SportsMain article: Sport in Germany
Twenty-seven million Germans are members of a sports club and an additional twelve million pursue sports individually. Association football is the most popular sport. With more than 6.3 million official members, the German Football Association (Deutscher Fußball-Bund) is the largest sports organisation of its kind worldwide. The Bundesliga, the top league of German football, is the most popular sports league in Germany and attracts the second highest average attendance of any professional sports league in the world.
The German national football team won the FIFA World Cup in 1954, 1974 and 1990 and the UEFA European Football Championship in 1972, 1980 and 1996. Germany hosted the FIFA World Cup in 1974 and 2006 and the UEFA European Football Championship in 1988. Among the most well-known footballers are Franz Beckenbauer, Gerd Müller, Jürgen Klinsmann, Lothar Matthäus, and Oliver Kahn. Other popular spectator sports include handball, volleyball, basketball, ice hockey, and tennis.
Germany is one of the leading motor sports countries in the world. Constructors like BMW and Mercedes are prominent manufacturers in motor sport. Additionally, Porsche has won the 24 Hours of Le Mans, an annual endurance race held in France, 16 times, and Audi has won it 9 times. Formula One driver Michael Schumacher has set many motor sport records during his career, having won more Formula One World Drivers' Championships and more Formula One races than any other driver; he is one of the highest paid sportsmen in history.
Historically, German sportsmen have been successful contenders in the Olympic Games, ranking third in an all-time Olympic Games medal count, combining East and West German medals. In the 2008 Summer Olympics, Germany finished fifth in the medal count, while in the 2006 Winter Olympics they finished first. Germany has hosted the Summer Olympic Games twice, in Berlin in 1936 and in Munich in 1972. The Winter Olympic Games took place in Germany once in 1936 in the twin towns of Garmisch and Partenkirchen.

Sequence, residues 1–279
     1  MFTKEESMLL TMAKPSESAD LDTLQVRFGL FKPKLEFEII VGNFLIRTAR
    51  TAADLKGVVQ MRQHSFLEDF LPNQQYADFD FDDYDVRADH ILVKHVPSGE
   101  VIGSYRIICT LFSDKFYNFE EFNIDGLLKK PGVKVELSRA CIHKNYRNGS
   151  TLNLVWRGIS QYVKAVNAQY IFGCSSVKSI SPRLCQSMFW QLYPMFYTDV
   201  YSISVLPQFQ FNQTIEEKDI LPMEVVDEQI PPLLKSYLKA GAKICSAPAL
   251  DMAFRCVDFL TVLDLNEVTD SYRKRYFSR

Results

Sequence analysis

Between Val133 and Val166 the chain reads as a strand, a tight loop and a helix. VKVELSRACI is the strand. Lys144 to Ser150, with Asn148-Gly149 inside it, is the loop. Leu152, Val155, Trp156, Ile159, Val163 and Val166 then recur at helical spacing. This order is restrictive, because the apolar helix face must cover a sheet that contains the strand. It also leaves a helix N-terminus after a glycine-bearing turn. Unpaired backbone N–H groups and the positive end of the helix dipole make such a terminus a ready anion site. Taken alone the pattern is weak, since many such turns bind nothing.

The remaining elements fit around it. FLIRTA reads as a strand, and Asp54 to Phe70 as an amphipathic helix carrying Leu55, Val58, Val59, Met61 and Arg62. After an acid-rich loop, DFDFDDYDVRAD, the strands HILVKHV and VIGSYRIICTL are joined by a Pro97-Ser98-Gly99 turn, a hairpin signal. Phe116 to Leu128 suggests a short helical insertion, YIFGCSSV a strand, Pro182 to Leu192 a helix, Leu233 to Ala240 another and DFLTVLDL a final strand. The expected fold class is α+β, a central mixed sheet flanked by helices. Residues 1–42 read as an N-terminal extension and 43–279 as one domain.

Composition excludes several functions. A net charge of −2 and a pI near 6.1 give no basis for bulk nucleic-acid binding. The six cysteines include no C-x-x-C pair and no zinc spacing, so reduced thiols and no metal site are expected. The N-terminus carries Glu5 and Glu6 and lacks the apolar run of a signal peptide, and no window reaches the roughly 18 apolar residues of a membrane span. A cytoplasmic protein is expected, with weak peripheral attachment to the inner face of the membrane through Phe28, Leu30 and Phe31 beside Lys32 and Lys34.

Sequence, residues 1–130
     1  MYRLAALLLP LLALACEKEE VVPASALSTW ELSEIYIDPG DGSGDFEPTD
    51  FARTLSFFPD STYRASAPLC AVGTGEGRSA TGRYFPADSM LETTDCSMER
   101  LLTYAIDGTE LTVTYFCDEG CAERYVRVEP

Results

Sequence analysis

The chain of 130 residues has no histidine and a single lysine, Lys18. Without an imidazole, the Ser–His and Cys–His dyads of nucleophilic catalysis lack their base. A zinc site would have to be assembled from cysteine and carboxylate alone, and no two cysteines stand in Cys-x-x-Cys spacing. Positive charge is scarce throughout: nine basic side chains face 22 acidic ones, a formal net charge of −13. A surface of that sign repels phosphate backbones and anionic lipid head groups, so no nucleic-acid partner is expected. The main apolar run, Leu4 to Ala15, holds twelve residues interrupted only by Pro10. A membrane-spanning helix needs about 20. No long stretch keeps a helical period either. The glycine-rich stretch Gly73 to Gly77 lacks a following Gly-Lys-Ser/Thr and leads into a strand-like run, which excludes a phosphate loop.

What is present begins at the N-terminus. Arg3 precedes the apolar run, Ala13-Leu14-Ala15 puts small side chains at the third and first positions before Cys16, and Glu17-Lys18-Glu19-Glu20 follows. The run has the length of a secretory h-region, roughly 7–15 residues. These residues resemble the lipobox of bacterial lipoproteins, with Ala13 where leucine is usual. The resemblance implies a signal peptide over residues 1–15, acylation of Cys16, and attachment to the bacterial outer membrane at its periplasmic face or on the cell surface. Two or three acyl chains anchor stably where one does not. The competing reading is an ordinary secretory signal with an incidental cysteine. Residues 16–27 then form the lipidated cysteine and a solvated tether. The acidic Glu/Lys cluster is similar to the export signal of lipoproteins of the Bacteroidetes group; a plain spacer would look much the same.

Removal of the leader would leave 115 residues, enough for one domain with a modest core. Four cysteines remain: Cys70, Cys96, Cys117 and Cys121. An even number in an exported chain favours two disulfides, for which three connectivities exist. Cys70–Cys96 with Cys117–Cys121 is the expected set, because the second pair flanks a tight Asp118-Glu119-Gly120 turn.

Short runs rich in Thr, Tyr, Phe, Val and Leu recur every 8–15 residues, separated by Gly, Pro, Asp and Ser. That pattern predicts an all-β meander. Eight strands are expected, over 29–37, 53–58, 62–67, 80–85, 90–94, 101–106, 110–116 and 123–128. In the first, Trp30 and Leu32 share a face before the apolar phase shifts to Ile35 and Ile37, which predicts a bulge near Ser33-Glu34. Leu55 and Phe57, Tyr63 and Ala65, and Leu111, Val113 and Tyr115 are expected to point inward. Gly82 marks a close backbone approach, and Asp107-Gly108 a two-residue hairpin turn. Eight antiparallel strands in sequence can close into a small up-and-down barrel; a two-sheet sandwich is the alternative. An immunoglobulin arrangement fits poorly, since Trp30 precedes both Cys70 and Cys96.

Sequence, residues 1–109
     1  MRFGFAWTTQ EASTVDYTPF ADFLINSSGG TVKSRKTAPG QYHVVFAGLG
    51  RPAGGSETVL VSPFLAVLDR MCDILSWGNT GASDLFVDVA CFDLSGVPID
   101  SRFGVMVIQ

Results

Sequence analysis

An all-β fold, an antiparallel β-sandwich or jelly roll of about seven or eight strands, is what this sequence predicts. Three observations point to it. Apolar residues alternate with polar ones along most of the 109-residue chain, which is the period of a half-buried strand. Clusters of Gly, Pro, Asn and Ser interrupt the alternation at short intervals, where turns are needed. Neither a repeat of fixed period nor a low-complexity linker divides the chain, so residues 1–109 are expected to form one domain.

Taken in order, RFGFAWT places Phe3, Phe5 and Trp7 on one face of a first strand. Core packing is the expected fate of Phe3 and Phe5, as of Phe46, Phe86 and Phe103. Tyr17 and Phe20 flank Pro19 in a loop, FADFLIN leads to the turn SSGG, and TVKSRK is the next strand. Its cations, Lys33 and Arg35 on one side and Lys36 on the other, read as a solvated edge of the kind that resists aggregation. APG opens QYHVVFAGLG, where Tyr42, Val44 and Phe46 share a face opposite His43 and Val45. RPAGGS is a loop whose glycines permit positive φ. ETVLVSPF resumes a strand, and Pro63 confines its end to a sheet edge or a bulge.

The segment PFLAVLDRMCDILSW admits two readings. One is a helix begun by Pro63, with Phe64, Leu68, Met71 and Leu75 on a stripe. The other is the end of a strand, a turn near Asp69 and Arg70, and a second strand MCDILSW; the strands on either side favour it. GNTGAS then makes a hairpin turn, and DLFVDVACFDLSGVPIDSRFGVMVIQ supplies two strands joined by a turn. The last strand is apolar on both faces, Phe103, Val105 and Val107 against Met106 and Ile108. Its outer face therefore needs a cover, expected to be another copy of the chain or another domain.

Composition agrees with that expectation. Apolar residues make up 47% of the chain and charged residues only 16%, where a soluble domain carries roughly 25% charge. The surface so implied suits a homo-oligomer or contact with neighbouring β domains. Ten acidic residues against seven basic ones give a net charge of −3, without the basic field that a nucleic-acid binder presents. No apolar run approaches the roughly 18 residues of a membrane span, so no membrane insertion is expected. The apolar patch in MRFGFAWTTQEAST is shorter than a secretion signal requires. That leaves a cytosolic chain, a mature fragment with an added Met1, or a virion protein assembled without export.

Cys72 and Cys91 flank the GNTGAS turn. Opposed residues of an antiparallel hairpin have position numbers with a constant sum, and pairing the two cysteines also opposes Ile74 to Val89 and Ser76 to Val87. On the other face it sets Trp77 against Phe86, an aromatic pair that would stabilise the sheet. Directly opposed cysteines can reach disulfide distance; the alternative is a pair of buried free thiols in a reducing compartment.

Other articles related to "sports, sport":
... Football is the most widely-followed sport in Bucharest, with the city having numerous club teams, some of them being known throughout Europe Steaua, Dinamo or Rapid ... There are sport clubs for ice hockey, rugby union, basketball, handball, water polo and volleyball ... Polyvalent Hall, which is also used for other indoor sports such as volleyball and handball ...
... according to the martial arts or combat sports in question ... In combat sports, stand-up grappling usually revolves around successful takedowns and throws ... In some sports such as glima, the fight is over once one of the opponents has fallen down ...
... Olympia is the home of the Oly Rollers, the local women's flat track roller derby league whose travel team (the Cosa Nostra Donnas) became the 2009 national champions of the Women's Flat Track Derby Association (WFTDA) by winning the national "Declaration of Derby" tournament in Philadelphia, PA on November 15, 2009 ... Olympia is also home to some of the Pacific Northwest's greatest running talents such as the Guerilla Running Racing Club. ...
... The University of Manchester operates sports clubs via the Athletics Union while student societies are operated by the Students' Union ... The sports societies vary widely in their level and scope ... Many more popular sports operate several university teams and departmental teams which compete in leagues against other teams within the university ...
Famous quotes containing the word sports:
“Even from their infancy we frame them to the sports of love: their instruction, behaviour, attire, grace, learning and all their words aimeth only at love, respects only affection. Their nurses and their keepers imprint no other thing in them.”
—Michel de Montaigne (15331592)
“Guys do not have a genetic blueprint that allows them to understand or love sports.”
—Lesley Visser, U.S. sports reporter and announcer. As quoted in Sports Illustrated, p. 82 (June 17, 1991)
“It was so hard to pry this door open, and if I mess up I know the people behind me are going to have it that much harder. Because then theres living proof. They can sit around and say, See? It doesnt work. I dont want to be their living proof.”
—Gayle Gardner, U.S. sports reporter. As quoted in Sports Illustrated, p. 87 (June 17, 1991)